Wednesday 6 August 2014

Mountain Plover nest conservation on private crop fields. Guest blog by Angela Dwyer.

The Mountain Plover, often known as “Prairie Ghost”, is a small ground nesting bird living in the shortgrass prairie ecoregion of Rocky Mountain West of North America.  

Since the 1920’s, native shortgrass prairie habitat has diminished as much as 52% due to conversion of these grasslands to cropland agriculture, diminished fire frequency, destruction of prairie dog towns and decline of native grazers.  With the decline in native prairie habitat, so too have Mountain Plover populations declined. Since the 1960’s, the plover’s population has decreased approximately 3% per year.  However this shortgrass specialist has adapted to the ever-changing landscape.  In Nebraska Mountain Plover breed only on privately-owned lands, predominantly bare crop fields.  Its breeding range in the north-east represents less than 5% of the US continental population, and it is state listed as threatened. This pair below blends is well in the fallow crop field, camouflage excellent for minimizing predation on nests.

Adult pair on fallow field.
Photo: Rocky Mountain Bird Observatory (RMBO) staff.

Although farmed crop fields provide good nesting habitat in this altered landscape, the risk of nest loss from farming equipment is high. Therefore, we have adopted an innovative technique to “mark” nests found on crop fields, conceived by Fritz Knopf.  Once a nest is found, they are marked with brightly colored tall stakes so a landowner driving a tractor can farm around a nest; this protects nests and causes little to no loss in farming productivity.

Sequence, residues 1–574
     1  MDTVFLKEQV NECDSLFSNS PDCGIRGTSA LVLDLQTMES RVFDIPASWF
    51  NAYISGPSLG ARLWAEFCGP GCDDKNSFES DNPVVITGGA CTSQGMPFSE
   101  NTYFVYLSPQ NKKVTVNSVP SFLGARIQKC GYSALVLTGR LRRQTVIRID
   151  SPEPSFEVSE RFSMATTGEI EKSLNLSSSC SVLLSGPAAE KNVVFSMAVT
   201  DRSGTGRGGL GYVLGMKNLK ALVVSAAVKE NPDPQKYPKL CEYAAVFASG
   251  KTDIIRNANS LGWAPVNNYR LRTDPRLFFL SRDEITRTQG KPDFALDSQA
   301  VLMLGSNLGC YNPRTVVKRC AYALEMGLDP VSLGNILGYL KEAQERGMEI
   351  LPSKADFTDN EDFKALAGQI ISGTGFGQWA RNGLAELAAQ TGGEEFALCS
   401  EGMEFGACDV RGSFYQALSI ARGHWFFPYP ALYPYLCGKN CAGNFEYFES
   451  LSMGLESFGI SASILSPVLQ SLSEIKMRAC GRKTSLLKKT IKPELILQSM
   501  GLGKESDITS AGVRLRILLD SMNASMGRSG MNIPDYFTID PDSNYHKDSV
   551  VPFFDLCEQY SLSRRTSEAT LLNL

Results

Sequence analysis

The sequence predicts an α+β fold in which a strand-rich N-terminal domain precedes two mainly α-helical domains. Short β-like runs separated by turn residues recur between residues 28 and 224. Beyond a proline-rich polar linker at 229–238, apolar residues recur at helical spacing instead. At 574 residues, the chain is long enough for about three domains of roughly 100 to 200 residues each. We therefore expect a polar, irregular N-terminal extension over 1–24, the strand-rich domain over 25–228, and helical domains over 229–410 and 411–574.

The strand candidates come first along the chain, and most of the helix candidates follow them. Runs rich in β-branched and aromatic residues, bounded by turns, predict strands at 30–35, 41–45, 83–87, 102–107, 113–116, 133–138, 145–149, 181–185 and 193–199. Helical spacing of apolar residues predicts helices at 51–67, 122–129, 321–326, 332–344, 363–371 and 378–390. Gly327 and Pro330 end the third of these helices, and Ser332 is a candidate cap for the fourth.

Farming operations.
Photo: Larry Snyder.

This method of locating and marking nests has been a highlight for Mountain Plover conservation in Nebraska. In particular success is due to landowner involvement for more than a decade. Thirteen private landowners gave us permission back in 2001 to survey their crop fields for plover nests and in 2014, 79 landowners allowed us access to their fields. In addition many landowners find nests themselves and report to us. Below is one of our devoted landowners marking a plover nests on his field.

Landowner marking nest site.
Photo: Larry Snyder.

Since plovers prefer open bare-ground for nesting, it is not a stretch to see the Mountain Plover using recently farmed crop fields for nesting.  Since the first nest was found in 2001, on average 66 nests are located on crop fields annually with an average hatching success rate around 70%; meaning nests are doing great on crop field habitat. A Mountain Plover nest usually has three speckled eggs. The male will create two nests out in the open soil and often decorate with bits of old wheat stubble (harvested debris).  The female will lay 3 eggs in the first nest and 3 eggs in the second nest. This mating strategy is known as “double clutching” however it is not known whether Mountain Plovers are monogamous, the second round of eggs could be from an imposing male!

Mountain Plover nest on crop field.
Photo: Clay Edmondson.

Below these newly hatched chicks are precocial and can walk and feed when only a few hours old. they will remain in the nest area for about a day until all the chicks hatch. The adult may move the brood up to 2km away from the hatch site in search of adequate food and protection from predator!

Newly hatched chicks.
Photo: Ross Lock.

The male and female each have a nest to tend so it is common for adults to spend hours away from the nest when conditions are good, such as during the cool early mornings, to forage. This adult incubates her eggs in the hot Nebraska sun.

Incubating adult Mountain Plover.
Photo: Clay Edmondson.

Angela Dwyer,
Wildlife Biologist
Rocky Mountain Bird Observatory, Fort Collins, Colorado, USA.

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